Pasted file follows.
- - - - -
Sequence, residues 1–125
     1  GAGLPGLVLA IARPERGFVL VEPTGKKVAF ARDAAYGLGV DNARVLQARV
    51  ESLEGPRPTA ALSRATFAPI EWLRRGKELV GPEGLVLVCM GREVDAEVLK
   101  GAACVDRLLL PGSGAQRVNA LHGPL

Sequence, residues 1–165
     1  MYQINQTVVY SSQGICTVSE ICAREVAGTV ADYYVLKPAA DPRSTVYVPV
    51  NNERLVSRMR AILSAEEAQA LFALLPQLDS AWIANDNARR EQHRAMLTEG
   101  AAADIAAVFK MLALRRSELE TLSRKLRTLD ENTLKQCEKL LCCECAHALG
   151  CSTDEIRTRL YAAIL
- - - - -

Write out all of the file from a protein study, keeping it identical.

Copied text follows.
Sequence, residues 1–125
     1  GAGLPGLVLA IARPERGFVL VEPTGKKVAF ARDAAYGLGV DNARVLQARV
    51  ESLEGPRPTA ALSRATFAPI EWLRRGKELV GPEGLVLVCM GREVDAEVLK
   101  GAACVDRLLL PGSGAQRVNA LHGPL

Sequence, residues 1–165
     1  MYQINQTVVY SSQGICTVSE ICAREVAGTV ADYYVLKPAA DPRSTVYVPV
    51  NNERLVSRMR AILSAEEAQA LFALLPQLDS AWIANDNARR EQHRAMLTEG
   101  AAADIAAVFK MLALRRSELE TLSRKLRTLD ENTLKQCEKL LCCECAHALG
   151  CSTDEIRTRL YAAIL